July 24 Morning Newscast
July 24, 2012 Morning Edition News
Scientists studying long-term effects of the Gulf of Mexico oil spill are looking for 15,000 more people who worked on the cleanup, even for one day. Nearly 25,000 people already have signed up for what the National Institute of Environmental Health Sciences says is the largest study ever of long-term effects in oil spill workers. Lead researcher Dale Sandler tells The Courier newspaper of Houma, Louisiana, that it’s been hard to find people who helped with the cleanup, because many have moved and changed phone numbers.
The Alabama Department of Mental Health’s Greil Hospital in Montgomery will close next month. State officials had said this spring they’d be closing Greil to deal with budget cuts. They announced the official closing date yesterday. Greil currently has 119 workers serving 62 patients. The patients are being moved into community-based care. Department of Mental Health officials say they’re working with Greil employees to help them find new jobs.
The man who allegedly went on a shooting rampage in Northport and Tuscaloosa last week will have a preliminary hearing in Tuscaloosa County District Court on September 7th. Nathan Wilkins faces 18 counts of attempted murder for the shootings at a private home and the Copper Top bar in downtown Tuscaloosa. Two victims remain hospitalized. Wilkins remains in the Tuscaloosa County Jail on a $2 million bond.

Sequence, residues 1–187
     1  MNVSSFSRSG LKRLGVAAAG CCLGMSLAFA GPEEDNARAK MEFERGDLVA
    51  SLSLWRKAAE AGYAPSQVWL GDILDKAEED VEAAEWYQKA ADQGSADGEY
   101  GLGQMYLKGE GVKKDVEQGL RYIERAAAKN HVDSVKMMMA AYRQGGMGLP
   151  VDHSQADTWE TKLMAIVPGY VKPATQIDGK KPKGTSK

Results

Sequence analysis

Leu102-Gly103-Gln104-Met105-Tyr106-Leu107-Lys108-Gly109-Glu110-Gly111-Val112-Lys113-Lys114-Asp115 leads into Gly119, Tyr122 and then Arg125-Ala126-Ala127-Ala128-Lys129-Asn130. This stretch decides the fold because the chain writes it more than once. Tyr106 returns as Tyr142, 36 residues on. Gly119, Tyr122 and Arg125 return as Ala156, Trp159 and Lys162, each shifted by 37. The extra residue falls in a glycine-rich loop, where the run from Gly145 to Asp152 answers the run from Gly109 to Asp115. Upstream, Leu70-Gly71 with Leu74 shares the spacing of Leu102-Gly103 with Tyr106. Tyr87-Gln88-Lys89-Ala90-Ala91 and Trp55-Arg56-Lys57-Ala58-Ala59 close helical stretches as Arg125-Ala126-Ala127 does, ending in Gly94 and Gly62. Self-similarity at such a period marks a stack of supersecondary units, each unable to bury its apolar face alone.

A former Anniston police officer who allegedly shot his wife to death yesterday is in custody. Police captured Frederick Boyd in Meridian, Mississippi, just hours after he shot his wife and shot at his uncle. The incidents caused a lockdown of several Anniston city offices and the Ayers and McClellan campuses of Gadsden State Community College. Boyd resigned from the Anniston Police Department last August.
The Southwestern Athletic Conference now boasts college football’s winningest coach, but says the focus should remain on the sex abuse victims and their families in the Penn State scandal. The league sent out a statement yesterday after the NCAA vacated 111 of Joe Paterno’s 409 wins at Penn State. That leaves Bobby Bowden’s 377 wins as tops in major college football and the late Grambling State coach Eddie Robinson as the leader at all levels.
Honda says it’s expanding its Alabama operations. The company says it will invest another $115 million, move to a two shift work schedule and fill 50 new positions in an effort to meet growing demand. The Birmingham News reports that since last fall the company has announced nearly 300 new jobs and $390 million in new investment in Lincoln, Alabama. All told, Honda employs more than 4,000 people at the plant.
BancorpSouth says profits in the second quarter of 2012 rose 61 percent from the same period last year as the regional bank set aside less money to cover future loan losses. The Tupelo-Mississippi based bank has offices in Mississippi, Alabama and five other states.
The man who founded the company that helped build some of north Alabama’s best known roadways has died. Cecil Ashburn was a member of the Army Corps of Engineers during World War II. In 1946 — and with just one bulldozer — he helped form a road building company called Ashburn & Gray Construction. In about 10 years the company had grown into one of the state’s largest road builders with offices in Huntsville, Decatur and Guntersville. His company built U.S 72, much of Huntsville’s Memorial Parkway and the runways at Huntsville International Airport. Cecil Ashburn was 92.